There’s good news to report on health care in America. Obamacare has increased coverage by 10 million people, spending growth has dramatically declined, and preventable hospital errors such as drug mistakes fell 17 percent from 2010 to 2013, saving 50,000 lives. In the U.S., at least, it appears possible to increase efficiency, cost-effectiveness, and access all at the same time.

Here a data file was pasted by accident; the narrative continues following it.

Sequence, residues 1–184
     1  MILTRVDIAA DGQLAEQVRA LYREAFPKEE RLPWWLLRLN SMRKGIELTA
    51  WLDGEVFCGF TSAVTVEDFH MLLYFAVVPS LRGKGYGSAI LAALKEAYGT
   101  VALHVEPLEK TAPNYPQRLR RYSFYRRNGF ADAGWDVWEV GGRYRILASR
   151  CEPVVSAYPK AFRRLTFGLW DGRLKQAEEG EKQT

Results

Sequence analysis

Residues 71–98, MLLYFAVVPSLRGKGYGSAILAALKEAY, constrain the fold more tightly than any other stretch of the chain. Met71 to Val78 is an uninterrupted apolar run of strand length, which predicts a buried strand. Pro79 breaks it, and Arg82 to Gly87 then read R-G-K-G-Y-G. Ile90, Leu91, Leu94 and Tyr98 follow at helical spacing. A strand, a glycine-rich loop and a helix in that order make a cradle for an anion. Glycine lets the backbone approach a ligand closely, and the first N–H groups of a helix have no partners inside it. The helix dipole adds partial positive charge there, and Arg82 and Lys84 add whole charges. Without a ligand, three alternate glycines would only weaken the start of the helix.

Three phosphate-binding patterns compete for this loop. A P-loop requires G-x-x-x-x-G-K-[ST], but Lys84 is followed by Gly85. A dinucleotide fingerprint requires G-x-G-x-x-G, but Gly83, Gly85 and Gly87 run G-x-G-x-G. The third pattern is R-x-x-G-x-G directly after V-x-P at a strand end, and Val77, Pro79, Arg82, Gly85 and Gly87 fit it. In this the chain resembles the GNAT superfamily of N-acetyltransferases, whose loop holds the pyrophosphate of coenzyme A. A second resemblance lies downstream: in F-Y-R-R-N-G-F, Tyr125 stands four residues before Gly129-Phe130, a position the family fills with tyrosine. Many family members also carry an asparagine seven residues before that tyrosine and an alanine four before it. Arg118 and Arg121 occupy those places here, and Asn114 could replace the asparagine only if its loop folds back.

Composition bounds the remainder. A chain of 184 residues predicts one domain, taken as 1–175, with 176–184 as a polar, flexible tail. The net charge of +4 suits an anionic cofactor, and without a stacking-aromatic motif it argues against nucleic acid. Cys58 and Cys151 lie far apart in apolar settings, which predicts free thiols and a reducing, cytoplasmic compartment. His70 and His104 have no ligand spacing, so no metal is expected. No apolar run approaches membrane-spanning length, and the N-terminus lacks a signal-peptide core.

The picture is less positive across much of the developing world. While the call for universal health care in every country is now the official stance of the World Health Organization, attempts to meet that goal have often seen limited returns. The overwhelming focus on quantity of care is ignoring a massive problem with quality and efficiency. Unless that’s addressed, a lot of money will be spent on expanding access—with little impact.